The maintenance of grassland on smelter wastes in the Lower Swansea Valley. II. Copper smelter waste

  • Published source details Goodman G.T. & Gemmell R.P. (1978) The maintenance of grassland on smelter wastes in the Lower Swansea Valley. II. Copper smelter waste. Journal of Applied Ecology, 15, 875-883.


Large-scale reclamation trials, using applications of organic materials and pulverized fuel ash, combined with sowing of grasses, aimed at establishment and maintenance on copper smelter waste were set up in the Lower Swansea Valley, Glamorgan (south Wales) in 1965 and monitored until 1970.

Reclamation trials were established in 1965 on copper smelter waste. Separate 0.1 ha areas were treated with ground limestone (at 1,000 kg/ ha) plus either 5 cm sewage sludge, 5 cm screened domestic refuse, pulverised fuel ash (PFA) or not amended further. One of two seed mixtures were sown:

i) common bent-grass Agrostis (capillaris) tenuis, red fescue Festuca rubra, or a more species-rich grass mix was sown on smelter waste treated with sewage sludge, refuse or no amendment;

ii) a grass mixture was sown on waste that had received 7.5, 15 or 22.5 cm of PFA.

After sowing, maintenance treatments (1966 and after) applied were:

i) Annual NPK fertilizer (20 :10:10) at 600 kg/ha, or initial fertilizer only;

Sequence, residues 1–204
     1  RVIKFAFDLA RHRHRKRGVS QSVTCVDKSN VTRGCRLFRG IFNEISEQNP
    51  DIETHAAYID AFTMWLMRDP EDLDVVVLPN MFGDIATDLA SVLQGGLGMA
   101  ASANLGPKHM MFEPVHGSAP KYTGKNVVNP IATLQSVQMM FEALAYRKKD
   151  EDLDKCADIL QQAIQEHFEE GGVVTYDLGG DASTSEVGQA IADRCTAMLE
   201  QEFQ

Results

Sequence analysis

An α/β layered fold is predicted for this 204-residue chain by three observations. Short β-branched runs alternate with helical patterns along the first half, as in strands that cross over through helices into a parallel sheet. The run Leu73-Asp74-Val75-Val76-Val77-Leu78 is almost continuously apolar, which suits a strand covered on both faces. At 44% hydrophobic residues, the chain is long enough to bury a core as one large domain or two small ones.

ii) Cut once (autumn), or cut twice (June and autumn), and cut grass removed to prevent smothering of the underlying sward;

iii) Soil sprinkling to introduce micro-organisms (spring 1968), or no soil sprinkling.

Yield and species composition: Shoot dry matter production was measured in 96, 4.6 x 0.9 m strips (2 replicates per treatment) in 1966, and 384, 1 x 1 m quadrats (4 replicates per treatment) in 1968 and 1969. Species composition in 1967 and 1969 was determined from herbage samples cut from 0.25 x 0.25 m quadrats (4 replicates per treatment).

Soil analysis: Soil samples were analysed for plant-available copper, zinc, lead, copper, nickel; iron, calcium, magnesium, potassium and phosphate.

Grass growth on most of the treatments declined markedly in 1968 and 1969. Annual applications of fertilizer failed to prevent declines, which were attributed to the recurrence of copper toxicity.

The most successful long term treatment was the 22.5 cm deep covering of PFA, followed by annual NPK fertilizer application. Initial applications of 5 cm layers of sewage sludge, or domestic refuse, or 7.5 and 15 cm layers of PFA, initially gave satisfactory grass cover but failed in the longer term.

Grass sward yield on the 22.5 cm of PFA was maintained during the study period (1966-69), when fertilized annually and cut once each year. This indicates that copper toxicity was completely suppressed by this treatment.

Note: The compilation and addition of this summary was funded by the Journal of Applied Ecology (BES). If using or referring to this published study, please read and quote the original paper, this can be viewed at:


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